9. 9. IEEE TRANSACTION ON MOBILE COMPUTING, VOL. X, NO. X, MONTH YEAR 9 4e+06 1.4e+06 3.5e+06 1.2e+06 3e+06 1e+06 2.5e+06 # packets # packets 800000 2e+06 600000 1.5e+06 400000 1e+06 Chord Chord 500000 ChordXL 200000 ChordXL ChordLoc ChordLoc MeshChord MeshChord 0 0 40 50 60 70 80 90 100 110 120 130 140 150 40 50 60 70 80 90 100 110 120 130 140 150 # nodes # nodesFig. 4. Total number of packets exchanged in grid networks for increasing number of n: almost static network (left) –(1 − pleave ) = 0.999, and very dynamic network (right) – (1 − pleave ) = 0.9.somewhat lower in the very dynamic scenario. On the is even more effective in increasing the percentage ofother hand, cross-layering seems to have only marginal successful join operations in case of random networkeffect on message overhead, if not actually increasing topology than with grid topologies.the number of exchanged messages in very dynamic Figure 6 reports the percentage of unsuccessful queriesnetworks. Indeed, this higher overhead is caused by a in very dynamic networks ((1 − pleave = 0.9)). M ESH -very positive effect of cross-layering, which is depicted C HORD tends to slightly decrease the query successin Figure 5. As seen from the plots, cross-layering sig- rate with respect to the original Chord; however, thisnificantly increases the number of successful join opera- apparent shortcoming of M ESH C HORD is indeed causedtions, especially in case of very dynamic networks: while by the fact that M ESH C HORD tends to operate on a largerthe number of successful join operation is consistently network (recall Figure 5), where the success rate is phys-above 95% with cross-layering, with the original Chord iologically smaller. The results obtained in the almostprotocol this percentage can drop to as low as 70% static scenario showed an above 99% query success ratein case of very dynamic networks. We believe this is even for the basic Chord protocol.due to the fact that cross-layering mitigates the negative Figure 7 reports the average query response time ineffects of having inconsistent finger tables, which tend to very dynamic networks. As seen from the plots, cross-increase the percentage of unsuccessful join operations. layering has a significant effect on response time inInconsistencies in the finger tables are clearly more likely both grid and random topologies. On the other hand,to occur under dynamic network conditions, which ex- location-awareness only achieves marginal reductionsplains the relatively greater benefits of cross-layering with respect to the basic Chord protocol. Overall, M ESH -on the percentage of successful join operations under C HORD achieves as high as 60% reduction in querysuch conditions. Hence, the higher message exchange response time with respect to Chord. The results for theobserved with cross-layering in dynamic networks is almost static scenario show very similar trends.caused by the larger number of peers joining the Chordoverlay in this situation. It is also worth observing that location awareness 4.3 Varying the number of join/leavestends to decrease the number of successful join operations In the second set of experiments, we fixed the size ofunder very dynamic network conditions. We believe this the network to n = 100, and considered different valuesis due to the fact that, while location-awareness is very of pleave . The results reported in Figure 8 show thateffective in reducing message overhead (Figure 4), its location-awareness considerably reduce message over-effect on lookup operations (which are at the basis of head, over the entire range of pleave values considered.both new join and query resolution procedures) can These results are in accordance with those reported inactually be detrimental. In fact, as explained in Section Figure 4. It is also worth observing that the relative3.5, location-aware ID assignment tends to rule out the advantage of M ESH C HORD over Chord tends to becomepossibility of having close-by peers in the physical net- smaller for more dynamic networks; as observed in thework which are far-away in the unit ring. This negative previous section, this is due to the increased number ofeffect of location-awareness becomes more evident for successful join operations achieved by cross-layering.larger networks (see Figure 5-right). Figure 9 clearly shows the decreasing trend of the per- The results for the random topology scenario confirm centage of unsuccessful queries as the network becomesthe trends observed in the grid scenario, with a some- less and less dynamic: while the success rate is abovewhat lower reduction in terms of message overhead of 96% for almost stationary networks, it becomes as lowM ESH C HORD with respect to Chord (as high as 30%). as 93% for more dynamic networks. This trend is lessThis lower reduction is due to the fact that cross-layering pronounced when the network topology is random.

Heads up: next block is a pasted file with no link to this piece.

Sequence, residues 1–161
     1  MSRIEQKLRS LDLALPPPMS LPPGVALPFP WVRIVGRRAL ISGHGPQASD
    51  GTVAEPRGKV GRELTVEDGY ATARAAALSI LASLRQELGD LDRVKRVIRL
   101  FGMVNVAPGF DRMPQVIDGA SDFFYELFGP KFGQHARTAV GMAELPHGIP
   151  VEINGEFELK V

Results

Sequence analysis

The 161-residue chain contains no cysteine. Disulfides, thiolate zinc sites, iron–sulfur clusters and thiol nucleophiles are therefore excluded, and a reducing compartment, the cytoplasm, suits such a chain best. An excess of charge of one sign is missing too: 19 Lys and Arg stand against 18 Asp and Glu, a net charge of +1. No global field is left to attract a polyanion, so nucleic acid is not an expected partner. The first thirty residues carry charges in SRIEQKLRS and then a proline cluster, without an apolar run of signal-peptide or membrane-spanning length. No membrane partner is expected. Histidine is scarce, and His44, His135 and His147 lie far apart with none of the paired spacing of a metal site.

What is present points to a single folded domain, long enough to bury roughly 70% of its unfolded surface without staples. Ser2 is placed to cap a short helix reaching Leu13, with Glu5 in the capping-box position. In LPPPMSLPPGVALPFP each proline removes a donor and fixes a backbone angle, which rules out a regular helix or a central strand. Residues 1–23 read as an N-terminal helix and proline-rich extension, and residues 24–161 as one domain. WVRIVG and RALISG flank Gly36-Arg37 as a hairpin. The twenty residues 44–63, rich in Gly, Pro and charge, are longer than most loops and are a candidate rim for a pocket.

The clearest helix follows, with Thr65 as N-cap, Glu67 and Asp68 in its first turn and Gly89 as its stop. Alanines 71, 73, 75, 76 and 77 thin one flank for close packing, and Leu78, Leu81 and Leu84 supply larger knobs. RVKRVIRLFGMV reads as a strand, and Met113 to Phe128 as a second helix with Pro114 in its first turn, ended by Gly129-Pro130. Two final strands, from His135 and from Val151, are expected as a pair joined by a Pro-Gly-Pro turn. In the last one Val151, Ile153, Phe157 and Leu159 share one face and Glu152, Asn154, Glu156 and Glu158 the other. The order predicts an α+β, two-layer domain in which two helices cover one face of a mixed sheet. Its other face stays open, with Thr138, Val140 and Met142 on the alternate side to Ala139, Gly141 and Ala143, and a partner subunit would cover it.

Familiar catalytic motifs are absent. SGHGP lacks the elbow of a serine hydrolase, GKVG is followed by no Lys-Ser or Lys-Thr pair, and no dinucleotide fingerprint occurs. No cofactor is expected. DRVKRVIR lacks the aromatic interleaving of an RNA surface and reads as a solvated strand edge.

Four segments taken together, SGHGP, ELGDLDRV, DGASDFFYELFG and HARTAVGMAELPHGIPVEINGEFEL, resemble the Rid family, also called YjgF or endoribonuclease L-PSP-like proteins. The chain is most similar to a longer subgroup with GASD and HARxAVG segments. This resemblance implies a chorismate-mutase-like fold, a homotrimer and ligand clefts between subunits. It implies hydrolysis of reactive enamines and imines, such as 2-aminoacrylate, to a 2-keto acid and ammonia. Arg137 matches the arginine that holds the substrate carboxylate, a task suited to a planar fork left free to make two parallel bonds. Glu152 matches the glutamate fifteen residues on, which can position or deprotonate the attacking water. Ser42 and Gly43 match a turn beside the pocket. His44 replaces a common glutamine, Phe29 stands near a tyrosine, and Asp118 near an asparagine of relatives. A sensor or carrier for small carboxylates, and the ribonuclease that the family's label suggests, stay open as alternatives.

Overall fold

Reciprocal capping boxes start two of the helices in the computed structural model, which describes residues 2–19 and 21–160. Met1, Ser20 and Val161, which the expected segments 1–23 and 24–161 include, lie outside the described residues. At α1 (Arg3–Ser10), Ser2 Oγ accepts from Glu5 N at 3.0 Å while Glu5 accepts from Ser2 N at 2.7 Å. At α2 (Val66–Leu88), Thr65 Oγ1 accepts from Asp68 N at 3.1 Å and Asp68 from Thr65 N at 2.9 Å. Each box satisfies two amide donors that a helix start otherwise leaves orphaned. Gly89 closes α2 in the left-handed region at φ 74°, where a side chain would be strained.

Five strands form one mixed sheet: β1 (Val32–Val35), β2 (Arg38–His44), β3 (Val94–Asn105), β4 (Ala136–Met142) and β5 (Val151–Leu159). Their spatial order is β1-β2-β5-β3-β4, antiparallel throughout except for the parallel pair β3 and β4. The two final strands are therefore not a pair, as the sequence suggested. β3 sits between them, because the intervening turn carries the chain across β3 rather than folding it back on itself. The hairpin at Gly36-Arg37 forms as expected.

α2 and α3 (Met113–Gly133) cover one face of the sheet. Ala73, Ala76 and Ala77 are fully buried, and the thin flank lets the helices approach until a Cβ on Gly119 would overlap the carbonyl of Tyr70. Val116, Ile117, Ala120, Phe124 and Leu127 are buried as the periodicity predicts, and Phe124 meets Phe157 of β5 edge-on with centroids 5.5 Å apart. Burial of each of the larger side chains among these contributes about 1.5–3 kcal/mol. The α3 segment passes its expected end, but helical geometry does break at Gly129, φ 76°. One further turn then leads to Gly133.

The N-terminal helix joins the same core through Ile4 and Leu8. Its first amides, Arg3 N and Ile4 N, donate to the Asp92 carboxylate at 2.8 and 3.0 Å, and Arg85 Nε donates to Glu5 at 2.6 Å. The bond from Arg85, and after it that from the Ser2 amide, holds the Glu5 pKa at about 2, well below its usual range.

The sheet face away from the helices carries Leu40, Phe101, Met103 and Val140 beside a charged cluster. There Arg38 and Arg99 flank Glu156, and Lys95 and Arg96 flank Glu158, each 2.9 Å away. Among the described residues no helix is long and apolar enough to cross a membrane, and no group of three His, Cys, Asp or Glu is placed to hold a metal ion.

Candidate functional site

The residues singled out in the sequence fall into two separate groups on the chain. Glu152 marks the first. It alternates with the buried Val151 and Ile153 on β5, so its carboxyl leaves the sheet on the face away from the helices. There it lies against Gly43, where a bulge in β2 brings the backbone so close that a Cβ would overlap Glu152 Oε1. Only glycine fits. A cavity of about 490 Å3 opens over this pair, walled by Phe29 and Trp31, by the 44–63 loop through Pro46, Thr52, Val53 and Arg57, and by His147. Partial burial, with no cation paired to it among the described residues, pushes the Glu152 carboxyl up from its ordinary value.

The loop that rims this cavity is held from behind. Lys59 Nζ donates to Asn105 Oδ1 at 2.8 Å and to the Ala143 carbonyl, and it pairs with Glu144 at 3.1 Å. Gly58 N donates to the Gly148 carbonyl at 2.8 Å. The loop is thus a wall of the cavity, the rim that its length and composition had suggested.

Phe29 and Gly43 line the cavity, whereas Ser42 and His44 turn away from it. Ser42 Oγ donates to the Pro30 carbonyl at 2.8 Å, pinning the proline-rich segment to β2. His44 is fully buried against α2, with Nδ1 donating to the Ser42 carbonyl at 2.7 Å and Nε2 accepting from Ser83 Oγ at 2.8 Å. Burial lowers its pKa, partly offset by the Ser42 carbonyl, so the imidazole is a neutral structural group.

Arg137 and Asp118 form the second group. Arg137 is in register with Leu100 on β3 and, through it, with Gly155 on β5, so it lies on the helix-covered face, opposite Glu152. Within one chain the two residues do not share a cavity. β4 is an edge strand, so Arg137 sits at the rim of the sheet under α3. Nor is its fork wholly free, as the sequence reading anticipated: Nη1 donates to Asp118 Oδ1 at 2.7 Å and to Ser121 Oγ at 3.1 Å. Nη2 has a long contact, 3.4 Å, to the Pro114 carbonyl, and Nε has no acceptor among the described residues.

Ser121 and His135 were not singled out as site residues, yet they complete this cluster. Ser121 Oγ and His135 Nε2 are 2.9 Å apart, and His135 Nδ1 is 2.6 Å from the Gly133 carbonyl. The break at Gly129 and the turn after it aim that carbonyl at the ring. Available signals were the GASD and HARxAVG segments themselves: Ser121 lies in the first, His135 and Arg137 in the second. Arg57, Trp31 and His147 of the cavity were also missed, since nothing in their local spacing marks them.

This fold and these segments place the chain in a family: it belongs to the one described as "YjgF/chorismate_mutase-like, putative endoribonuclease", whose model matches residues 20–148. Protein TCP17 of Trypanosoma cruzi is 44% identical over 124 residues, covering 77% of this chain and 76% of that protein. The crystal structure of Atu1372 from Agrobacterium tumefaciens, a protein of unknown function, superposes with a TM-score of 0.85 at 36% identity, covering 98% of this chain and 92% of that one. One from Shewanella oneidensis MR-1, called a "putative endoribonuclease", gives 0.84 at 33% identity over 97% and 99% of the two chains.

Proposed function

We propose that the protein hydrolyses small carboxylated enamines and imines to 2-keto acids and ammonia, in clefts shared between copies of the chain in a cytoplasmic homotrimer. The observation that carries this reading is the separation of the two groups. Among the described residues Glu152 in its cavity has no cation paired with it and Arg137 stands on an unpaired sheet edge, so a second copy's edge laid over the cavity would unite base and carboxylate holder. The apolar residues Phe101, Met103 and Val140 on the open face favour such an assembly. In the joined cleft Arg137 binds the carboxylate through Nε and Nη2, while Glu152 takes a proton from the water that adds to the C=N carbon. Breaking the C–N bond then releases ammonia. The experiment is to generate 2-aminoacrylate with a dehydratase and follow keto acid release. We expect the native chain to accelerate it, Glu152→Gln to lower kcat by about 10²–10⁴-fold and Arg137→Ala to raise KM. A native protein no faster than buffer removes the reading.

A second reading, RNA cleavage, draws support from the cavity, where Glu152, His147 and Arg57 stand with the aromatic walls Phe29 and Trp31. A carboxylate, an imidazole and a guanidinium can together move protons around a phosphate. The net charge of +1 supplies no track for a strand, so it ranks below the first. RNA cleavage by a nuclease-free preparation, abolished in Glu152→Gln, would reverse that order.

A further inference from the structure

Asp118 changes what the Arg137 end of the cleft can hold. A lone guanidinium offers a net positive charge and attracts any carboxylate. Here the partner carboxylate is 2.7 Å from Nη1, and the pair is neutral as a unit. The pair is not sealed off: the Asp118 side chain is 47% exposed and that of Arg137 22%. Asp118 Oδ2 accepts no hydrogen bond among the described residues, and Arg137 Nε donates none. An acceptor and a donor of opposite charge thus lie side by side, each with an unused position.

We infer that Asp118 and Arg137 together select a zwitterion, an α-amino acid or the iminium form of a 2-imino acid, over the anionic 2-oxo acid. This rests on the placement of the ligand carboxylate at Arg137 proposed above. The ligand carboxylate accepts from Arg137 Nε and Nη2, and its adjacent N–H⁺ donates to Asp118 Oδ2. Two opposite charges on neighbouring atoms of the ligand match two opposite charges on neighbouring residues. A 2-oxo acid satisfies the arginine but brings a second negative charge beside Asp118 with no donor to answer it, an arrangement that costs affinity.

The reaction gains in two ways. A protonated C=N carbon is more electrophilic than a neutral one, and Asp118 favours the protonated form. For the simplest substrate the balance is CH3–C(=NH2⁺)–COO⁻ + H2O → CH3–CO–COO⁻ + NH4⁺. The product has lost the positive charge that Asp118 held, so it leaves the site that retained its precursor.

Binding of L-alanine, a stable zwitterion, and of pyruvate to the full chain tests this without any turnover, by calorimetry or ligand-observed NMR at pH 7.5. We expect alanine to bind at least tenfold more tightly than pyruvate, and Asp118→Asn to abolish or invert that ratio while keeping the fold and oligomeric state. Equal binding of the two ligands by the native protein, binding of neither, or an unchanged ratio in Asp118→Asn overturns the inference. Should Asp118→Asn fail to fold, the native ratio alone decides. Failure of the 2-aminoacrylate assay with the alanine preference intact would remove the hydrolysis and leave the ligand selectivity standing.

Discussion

10. 10. IEEE TRANSACTION ON MOBILE COMPUTING, VOL. X, NO. X, MONTH YEAR 10 100 100 95 95 Successful join operations [%] Successful join operations [%] 90 90 85 85 80 80 Chord Chord 75 ChordXL ChordXL ChordLoc ChordLoc MeshChord MeshChord 75 70 0.9 0.91 0.92 0.93 0.94 0.95 0.96 0.97 0.98 0.99 40 50 60 70 80 90 100 110 120 130 140 150 1-pleave # nodesFig. 5. Percentage of successful join operations in grid networks for n = 100 and increasing values of (1 − pleave ) (left),and for increasing value of n with (1 − pleave ) = 0.9 (right). 7.5 7.5 Chord Chord ChordXL ChordXL 7 ChordLoc ChordLoc MeshChord 7 MeshChord 6.5 Unsuccessful queries [%] Unsuccessful queries [%] 6.5 6 5.5 6 5 5.5 4.5 5 4 3.5 4.5 40 50 60 70 80 90 100 110 120 130 140 150 40 50 60 70 80 90 100 110 120 130 140 150 # nodes # nodesFig. 6. Percentage of unsuccessful queries in very dynamic networks for increasing values of n: grid topology (left),and random topology (right). 0.26 0.22 Chord Chord 0.24 ChordXL ChordXL ChordLoc 0.2 ChordLoc 0.22 MeshChord MeshChord 0.18 0.2 Avg search time [s] Avg search time [s] 0.16 0.18 0.14 0.16 0.12 0.14 0.1 0.12 0.1 0.08 0.08 0.06 0.06 0.04 40 50 60 70 80 90 100 110 120 130 140 150 40 50 60 70 80 90 100 110 120 130 140 150 # nodes # nodesFig. 7. Average query response time in very dynamic networks for increasing values of n: grid topology (left), andrandom topology (right). Finally, Figure 10 shows that M ESH C HORD, due to response time of the various versions of Chord withcross-layering, is very effective in reducing the query increasing query rate is reported in Figure 11.response time with respect to Chord over the entire As seen from the figure, M ESH C HORD outperformsrange of pleave values considered. the basic Chord design under all investigated range of query rates. The relative advantage of M ESH C HORD4.4 Varying the number of queries with respect to Chord becomes larger with increasedIn the third set of experiments, we have fixed n = 100 query rate. In particular, in the case of grid topology theand set (1 − pleave ) = 0.9, and investigated the relative average query response time is reduced from 0.2secs toperformance of the various versions of Chord consid- less than 0.1secs (50% reduction) with the lowest queryered with an increasing number of queries (up to 60 rate, while the reduction is from 1.78secs to 0.65secsquery/min per node on the average). The average query (62% reduction) with the highest query rate. A similar